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Physician Career, Leadership and Entrepreneurial development Strategies

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Why Should Anyone Be Led by You? 

Are you aspiring to be a physician leader, not just a manager or administrator?  Some of the necessary ingredients for leadership include vision, energy, authority, and strategic direction.  But true inspirational leaders share four unexpected qualities.  From authors Robert Goffee and Gareth Jones, writing for the September-October issue of the Harvard Business Review, here are the four qualities of effective leaders:

  1. They selectively show their weaknesses.  By exposing some vulnerability, they reveal their approachability and humanity.

  2. They rely heavily on intuition to gauge the appropriate timing and course of their actions.  Their ability to collect and interpret soft data helps them know just when and how to act.

  3. They manage employees with “tough empathy”.  Inspirational leaders empathize passionately—and realistically—with people, and they care intensely about the work employees do.

  4. They reveal their differences. They capitalize on what’s unique about themselves.

According to Goffee and Jones, these four qualities can be honed by almost anyone willing to dig deeply into their true selves.  

To read the full article, “Why Should Anyone Be Led by You,” download it directly from the Harvard Business Review site.

Francine R. Gaillour, MD, Business Consultant and Executive Coach for Healthcare Leaders francine@physicianleadership.com (206) 686-4205

Four Popular Myths About Leadership 

According to researchers and consultants Goffee and Jones (see previous topic), many executives profoundly misunderstand what makes an inspirational leader.  These are the four most common myths:

  1. Everyone can be a leader.  NOT TRUE.  Many executives don’t have the self-knowledge or the authenticity necessary for leadership. 

  2. Leaders deliver business results.  NOT ALWAYS.  If results were always a matter of good leadership, picking leaders would be easy.  Things are not that simple.  Businesses in quasi-monopolistic industries can often do very well with competent management rather than great leadership.  Equally, some well-led businesses do not necessarily produce results, particularly in the short term.

  3. People who get to the top are leaders.  NOT NECESSARILY. One of the most persistent misperceptions is that people in leadership positions are leaders.  But people who make it to the top may have done so because of political acumen, not necessarily because of true leadership quality.  What’s more, real leaders are found all over the organization, from the executive suite to the shop floor.  By definition, leaders are simply people who have followers, and rank doesn’t have much to do with that.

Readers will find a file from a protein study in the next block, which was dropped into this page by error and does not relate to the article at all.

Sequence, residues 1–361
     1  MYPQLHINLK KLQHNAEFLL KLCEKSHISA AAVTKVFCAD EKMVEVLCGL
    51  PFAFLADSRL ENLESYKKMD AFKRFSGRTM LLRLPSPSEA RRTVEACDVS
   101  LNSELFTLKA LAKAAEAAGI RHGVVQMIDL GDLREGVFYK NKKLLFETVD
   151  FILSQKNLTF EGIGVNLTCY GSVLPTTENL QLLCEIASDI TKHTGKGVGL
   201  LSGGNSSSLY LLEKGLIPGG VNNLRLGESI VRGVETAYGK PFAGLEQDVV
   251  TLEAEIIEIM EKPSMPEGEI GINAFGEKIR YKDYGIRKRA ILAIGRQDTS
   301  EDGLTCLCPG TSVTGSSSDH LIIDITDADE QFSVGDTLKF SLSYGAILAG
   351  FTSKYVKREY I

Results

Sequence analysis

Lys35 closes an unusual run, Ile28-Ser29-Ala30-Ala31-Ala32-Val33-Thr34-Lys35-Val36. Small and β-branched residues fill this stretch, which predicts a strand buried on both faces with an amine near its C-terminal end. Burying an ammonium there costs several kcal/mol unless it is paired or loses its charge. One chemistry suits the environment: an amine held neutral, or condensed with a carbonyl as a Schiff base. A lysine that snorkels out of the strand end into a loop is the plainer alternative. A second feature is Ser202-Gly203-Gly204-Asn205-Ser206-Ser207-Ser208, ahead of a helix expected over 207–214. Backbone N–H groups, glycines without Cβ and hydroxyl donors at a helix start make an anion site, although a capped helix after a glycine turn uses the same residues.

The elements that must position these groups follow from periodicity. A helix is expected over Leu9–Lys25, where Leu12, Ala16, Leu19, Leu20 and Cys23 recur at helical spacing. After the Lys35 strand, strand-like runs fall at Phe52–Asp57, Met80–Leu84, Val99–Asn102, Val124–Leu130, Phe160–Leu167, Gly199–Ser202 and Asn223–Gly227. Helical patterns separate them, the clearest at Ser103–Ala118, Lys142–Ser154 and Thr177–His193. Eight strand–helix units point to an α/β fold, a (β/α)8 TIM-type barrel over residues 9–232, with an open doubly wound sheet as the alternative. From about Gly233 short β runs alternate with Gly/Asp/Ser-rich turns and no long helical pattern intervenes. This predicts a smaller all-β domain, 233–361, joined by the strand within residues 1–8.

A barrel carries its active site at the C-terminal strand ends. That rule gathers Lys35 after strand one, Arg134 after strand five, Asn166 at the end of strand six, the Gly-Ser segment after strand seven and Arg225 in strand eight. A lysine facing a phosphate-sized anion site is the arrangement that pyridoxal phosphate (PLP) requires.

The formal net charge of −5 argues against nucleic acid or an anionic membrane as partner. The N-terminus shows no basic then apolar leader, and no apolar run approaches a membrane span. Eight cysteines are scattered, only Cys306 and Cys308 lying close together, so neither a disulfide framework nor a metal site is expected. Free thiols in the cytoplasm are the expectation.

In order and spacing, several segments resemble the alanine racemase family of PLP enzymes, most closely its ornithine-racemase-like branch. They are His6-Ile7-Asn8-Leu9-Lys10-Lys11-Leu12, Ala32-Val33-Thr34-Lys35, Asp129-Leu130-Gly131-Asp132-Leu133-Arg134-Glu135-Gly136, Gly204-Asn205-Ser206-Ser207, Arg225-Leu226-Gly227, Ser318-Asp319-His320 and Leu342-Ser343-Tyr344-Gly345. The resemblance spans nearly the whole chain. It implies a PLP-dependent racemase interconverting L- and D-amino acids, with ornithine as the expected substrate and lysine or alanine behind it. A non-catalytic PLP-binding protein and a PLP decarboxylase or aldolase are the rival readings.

4. Leaders are great coaches.  RARELY. It is often taught that leaders ought to be good coaches.  That thinking assumes that a single person can both inspire the troops and impart technical skills.  It’s possible that great leaders may also be great coaches.  More typical are leaders like Steve Jobs whose distinctive strengths lie in their ability to excite others through their vision rather than through their coaching talents. 

Francine R. Gaillour, MD, Business Consultant and Executive Coach for Healthcare Leaders francine@physicianleadership.com, (206) 686-4205

Knowing Yourself:  Your Key to Leadership

Are you on a path to leadership?  Leadership means inspiring others to be their best and act in a way that honors higher values set by themselves or by a group.  In becoming a leader, you inspire by speaking from your essence, your heart, your values; this requires knowing yourself.  Knowing yourself means separating who you are and who you want to be from what the world thinks you are and wants you to be.    No one can teach you how to become yourself, to take charge, to express yourself, except you.  As you think about the process, here are four lessons offered by Warren Bennis, author of “On Becoming a Leader”: 

  1. You are your own best teacher

  2. Accept responsibility.  Blame no one.

  3. You can learn anything you want to learn.

  4. True understanding comes from reflecting on your experience.

Francine R. Gaillour, MD, Business Consultant and Executive Coach for Healthcare Leaders francine@physicianleadership.com, (206) 686-4205




Francine R. Gaillour, MD, MBA, FACPE
15600 NE 8th Street, Suite B1-173
Bellevue, WA  98008
(206) 686-4205

Francine R. Gaillour, MD   ©2006 Ki Health, Inc.